Date Archives: 20-Jun-2016

Question: In regards to the CPAP medical directive, it states in the ALS PCS Companion document that CPAP is the treatment for Acute Pulmonary Edema (REGARDLESS of origin). Does this mean that the cause does not need to be cardiogenic in nature? Could you please elaborate on this?

Question: I have a question in regards to right sided MI's. We had a patient that had slight elevation in his 12 lead inferior leads, but not enough to call for a STEMI. I once worked for a service that I could do a right sided 12 lead ECG. Are we allowed to perform right sided 12 leads here at SWORBHP if we do suspect an inferior MI?

Question: In Ask MAC it states : "As for Ketorolac, daily ASA is not considered anticoagulation therapy as it affect platelet function and does not result in a true anticoagulated state." So PLAVIX (clopidogrel) is also affect platelet function, even though ASA affects the cyclooxygenase 1 (COX-1) pathway, and PLAVIX affect the adenosine diphosphate (ADP) pathway, still I think both PLAVIX and ASA affect platelet function . And I think daily dose of PLAVIX also not a true anti-coagulated state and Ketorolac is not contra-indicated. Please let me know if I am right or wrong by those explanations.

Question: If a person have a near fresh water (lake water) drowning and Spo2 <90 % severe SOB, and by auscultating lungs I hear Crackles all over the places mainly on lower lobes tachypnea and normotensive. As per CPAP protocol: indication severe respiratory distress and signs and/ or symptoms of Acute pulmonary edema or COPD is the indication, and patient is above 18years and no contraindication met, can I apply CPAP on this patient ? If not please tell me why and I know Nitro is not applicable in this case because this is not a cariogenic pulmonary edema.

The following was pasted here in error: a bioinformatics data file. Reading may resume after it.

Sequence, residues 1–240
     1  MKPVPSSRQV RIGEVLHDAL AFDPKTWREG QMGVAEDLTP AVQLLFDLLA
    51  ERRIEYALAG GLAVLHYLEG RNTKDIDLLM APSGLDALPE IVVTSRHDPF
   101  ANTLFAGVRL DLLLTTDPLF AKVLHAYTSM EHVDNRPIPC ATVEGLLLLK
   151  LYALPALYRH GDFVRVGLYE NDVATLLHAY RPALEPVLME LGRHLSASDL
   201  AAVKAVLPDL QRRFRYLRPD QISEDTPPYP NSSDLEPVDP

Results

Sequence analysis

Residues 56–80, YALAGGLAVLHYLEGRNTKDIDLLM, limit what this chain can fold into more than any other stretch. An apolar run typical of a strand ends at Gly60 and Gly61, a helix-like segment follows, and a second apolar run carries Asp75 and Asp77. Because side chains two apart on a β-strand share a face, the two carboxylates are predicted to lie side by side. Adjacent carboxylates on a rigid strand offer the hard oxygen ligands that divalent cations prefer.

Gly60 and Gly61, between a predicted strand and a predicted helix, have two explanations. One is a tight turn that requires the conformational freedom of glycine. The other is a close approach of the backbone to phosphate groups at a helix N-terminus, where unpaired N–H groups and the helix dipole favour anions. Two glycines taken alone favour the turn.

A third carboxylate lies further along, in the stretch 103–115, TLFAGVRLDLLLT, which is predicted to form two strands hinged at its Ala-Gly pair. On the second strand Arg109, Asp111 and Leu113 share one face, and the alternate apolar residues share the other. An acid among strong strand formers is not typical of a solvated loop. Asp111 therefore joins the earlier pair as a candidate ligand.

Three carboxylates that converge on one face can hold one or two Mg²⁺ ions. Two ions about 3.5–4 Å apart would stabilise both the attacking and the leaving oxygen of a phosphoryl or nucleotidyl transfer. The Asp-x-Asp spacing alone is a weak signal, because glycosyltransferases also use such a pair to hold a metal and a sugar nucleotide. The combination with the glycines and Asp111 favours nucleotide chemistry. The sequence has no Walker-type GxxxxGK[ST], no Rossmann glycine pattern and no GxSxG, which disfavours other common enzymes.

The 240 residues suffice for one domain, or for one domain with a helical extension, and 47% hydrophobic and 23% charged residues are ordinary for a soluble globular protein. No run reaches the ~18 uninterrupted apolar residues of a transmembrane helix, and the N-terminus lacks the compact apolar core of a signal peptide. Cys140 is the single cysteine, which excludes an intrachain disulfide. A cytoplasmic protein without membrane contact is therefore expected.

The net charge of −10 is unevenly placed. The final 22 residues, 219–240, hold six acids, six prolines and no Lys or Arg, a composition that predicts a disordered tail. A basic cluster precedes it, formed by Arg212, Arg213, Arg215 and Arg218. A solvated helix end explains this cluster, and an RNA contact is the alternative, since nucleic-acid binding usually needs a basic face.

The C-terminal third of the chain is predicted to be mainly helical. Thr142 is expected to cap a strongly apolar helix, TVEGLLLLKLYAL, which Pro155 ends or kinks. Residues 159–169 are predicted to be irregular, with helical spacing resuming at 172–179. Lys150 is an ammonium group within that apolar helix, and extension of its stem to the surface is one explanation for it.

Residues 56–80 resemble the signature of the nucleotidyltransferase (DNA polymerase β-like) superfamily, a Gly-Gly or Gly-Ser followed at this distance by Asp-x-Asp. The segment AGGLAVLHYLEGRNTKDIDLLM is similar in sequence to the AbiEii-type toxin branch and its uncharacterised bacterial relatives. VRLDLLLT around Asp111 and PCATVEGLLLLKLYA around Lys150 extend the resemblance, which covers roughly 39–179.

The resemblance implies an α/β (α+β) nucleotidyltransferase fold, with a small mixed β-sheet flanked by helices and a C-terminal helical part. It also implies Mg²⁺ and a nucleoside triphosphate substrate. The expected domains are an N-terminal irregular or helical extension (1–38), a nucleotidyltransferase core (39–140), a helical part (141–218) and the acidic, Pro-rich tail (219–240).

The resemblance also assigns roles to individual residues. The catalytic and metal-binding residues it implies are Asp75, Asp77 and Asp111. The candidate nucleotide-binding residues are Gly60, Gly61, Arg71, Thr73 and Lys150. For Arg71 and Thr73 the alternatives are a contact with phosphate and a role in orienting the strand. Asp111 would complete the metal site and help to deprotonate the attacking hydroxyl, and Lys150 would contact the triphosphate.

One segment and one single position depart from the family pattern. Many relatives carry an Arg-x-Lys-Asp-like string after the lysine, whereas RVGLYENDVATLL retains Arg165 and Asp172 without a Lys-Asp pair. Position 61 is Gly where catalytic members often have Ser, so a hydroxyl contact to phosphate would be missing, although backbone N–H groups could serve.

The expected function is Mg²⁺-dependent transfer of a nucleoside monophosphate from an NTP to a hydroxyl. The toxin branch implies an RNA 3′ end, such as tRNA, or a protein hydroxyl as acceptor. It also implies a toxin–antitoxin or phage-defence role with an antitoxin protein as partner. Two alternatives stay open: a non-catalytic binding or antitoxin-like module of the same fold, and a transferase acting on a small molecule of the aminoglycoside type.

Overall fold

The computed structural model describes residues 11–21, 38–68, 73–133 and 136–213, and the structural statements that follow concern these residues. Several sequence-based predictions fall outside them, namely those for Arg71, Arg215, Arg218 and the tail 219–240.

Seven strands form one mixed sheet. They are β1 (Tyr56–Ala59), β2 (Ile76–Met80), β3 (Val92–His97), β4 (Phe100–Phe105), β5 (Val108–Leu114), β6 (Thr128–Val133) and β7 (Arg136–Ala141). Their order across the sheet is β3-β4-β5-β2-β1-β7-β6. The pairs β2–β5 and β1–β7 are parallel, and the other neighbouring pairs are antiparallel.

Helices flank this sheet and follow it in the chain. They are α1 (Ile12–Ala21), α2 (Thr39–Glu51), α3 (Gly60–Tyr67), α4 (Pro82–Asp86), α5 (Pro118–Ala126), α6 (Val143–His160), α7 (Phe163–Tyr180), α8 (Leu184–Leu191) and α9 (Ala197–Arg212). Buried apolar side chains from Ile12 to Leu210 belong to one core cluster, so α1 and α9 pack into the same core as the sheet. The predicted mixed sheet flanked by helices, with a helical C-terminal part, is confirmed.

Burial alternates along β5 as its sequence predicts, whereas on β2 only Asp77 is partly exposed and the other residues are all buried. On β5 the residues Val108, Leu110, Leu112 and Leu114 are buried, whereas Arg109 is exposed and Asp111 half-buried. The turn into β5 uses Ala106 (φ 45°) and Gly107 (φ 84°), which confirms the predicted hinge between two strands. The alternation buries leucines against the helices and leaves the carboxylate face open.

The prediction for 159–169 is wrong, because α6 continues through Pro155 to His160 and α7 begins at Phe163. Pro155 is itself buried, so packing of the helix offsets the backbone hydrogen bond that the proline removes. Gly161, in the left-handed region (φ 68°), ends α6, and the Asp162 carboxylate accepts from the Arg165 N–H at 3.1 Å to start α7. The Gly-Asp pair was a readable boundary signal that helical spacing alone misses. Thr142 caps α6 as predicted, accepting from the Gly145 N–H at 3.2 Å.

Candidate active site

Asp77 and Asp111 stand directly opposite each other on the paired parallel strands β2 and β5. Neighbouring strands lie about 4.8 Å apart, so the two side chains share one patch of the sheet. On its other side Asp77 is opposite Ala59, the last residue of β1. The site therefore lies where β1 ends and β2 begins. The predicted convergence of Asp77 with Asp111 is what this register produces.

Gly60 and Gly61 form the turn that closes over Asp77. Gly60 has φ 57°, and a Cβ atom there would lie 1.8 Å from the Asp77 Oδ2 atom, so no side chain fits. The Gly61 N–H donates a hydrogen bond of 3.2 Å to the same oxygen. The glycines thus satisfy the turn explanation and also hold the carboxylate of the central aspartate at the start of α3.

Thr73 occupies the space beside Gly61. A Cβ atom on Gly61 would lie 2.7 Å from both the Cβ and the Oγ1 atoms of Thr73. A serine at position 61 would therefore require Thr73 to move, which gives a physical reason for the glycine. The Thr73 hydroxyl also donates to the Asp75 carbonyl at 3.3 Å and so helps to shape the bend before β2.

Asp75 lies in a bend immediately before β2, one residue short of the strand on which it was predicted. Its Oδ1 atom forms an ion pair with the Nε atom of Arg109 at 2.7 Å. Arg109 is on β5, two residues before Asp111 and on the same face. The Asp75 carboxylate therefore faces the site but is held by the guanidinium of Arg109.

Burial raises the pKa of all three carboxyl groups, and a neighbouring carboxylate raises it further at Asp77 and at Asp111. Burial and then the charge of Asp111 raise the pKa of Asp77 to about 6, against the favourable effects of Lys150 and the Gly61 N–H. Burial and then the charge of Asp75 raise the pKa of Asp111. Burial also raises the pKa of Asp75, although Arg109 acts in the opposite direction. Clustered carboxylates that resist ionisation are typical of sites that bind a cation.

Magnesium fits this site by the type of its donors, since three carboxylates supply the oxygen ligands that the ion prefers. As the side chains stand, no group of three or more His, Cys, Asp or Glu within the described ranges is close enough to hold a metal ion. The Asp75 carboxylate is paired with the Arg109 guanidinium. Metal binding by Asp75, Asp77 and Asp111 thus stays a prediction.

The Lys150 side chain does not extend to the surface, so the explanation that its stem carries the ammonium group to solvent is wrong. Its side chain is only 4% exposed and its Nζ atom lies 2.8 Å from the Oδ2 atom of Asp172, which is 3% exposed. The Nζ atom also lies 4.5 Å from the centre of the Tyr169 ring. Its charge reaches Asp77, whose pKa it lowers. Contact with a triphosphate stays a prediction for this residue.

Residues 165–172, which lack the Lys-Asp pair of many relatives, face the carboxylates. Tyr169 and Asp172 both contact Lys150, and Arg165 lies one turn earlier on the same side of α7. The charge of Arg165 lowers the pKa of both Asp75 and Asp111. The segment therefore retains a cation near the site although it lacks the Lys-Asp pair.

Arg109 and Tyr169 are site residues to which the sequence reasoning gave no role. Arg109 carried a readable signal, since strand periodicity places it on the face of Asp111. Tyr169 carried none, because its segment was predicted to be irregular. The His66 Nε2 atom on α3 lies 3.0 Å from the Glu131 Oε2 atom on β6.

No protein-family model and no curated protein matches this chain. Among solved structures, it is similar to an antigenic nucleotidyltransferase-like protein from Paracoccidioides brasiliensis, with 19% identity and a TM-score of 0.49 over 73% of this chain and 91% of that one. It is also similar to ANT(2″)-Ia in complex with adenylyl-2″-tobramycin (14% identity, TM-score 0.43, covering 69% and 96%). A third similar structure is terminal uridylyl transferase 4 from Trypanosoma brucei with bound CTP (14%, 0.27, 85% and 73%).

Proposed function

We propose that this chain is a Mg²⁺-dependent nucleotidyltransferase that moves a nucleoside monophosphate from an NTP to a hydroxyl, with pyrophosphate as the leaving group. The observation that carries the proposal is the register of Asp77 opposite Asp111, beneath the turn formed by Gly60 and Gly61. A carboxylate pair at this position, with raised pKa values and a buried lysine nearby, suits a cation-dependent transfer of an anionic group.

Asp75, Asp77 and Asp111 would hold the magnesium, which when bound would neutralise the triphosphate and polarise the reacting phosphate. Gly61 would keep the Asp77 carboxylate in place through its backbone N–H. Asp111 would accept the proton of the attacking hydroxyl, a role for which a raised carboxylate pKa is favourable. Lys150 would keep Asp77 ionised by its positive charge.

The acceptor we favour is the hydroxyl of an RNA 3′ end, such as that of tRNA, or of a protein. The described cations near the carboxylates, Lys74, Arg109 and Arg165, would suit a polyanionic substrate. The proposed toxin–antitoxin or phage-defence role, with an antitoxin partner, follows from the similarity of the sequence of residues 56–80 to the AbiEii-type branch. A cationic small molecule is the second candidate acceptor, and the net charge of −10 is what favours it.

Question: Recently we were on scene with an unresponsive 65 year old female. This was a witnessed event by a friend. While on route to the nearest ED patient’s condition improved. The patient started to answer questions. At this time the patient found to have left sided deficits. Should we continue to the local ED (5 min transport) or turn around for stroke bypass (50 min transport) After assessment in ED we ended up transporting to Stroke Unit.

Question: After the recent introduction of Narcan for PCPs, I'm still a little confused about the role of Narcan in an arrest. The 2010 AHA Guidelines state there is no role for Naloxone in cardiac arrest but the 2015 Guidelines are less prohibitive, leaving some room for interpretation. I understand that where there is question whether the patient is pulseless or not, there is a role for naloxone in the setting of presumed opioid overdose but what is the direction of base hospital for the use of naloxone where there is definite absence of vital signs in the setting of a PCP-only arrest. Is it the expectation of the base hospital that PCPs attempt to administer naloxone at some point during that call? If so, when during the cardiac arrest protocol? On scene or en route to hospital?

Question: Referring to the STEMI by-pass medical directive, is it 60 minutes from patient contact or 60 minutes transport time?

Question: Are we allowed to accept photocopied DNR? I have heard several discrepancies on this question.

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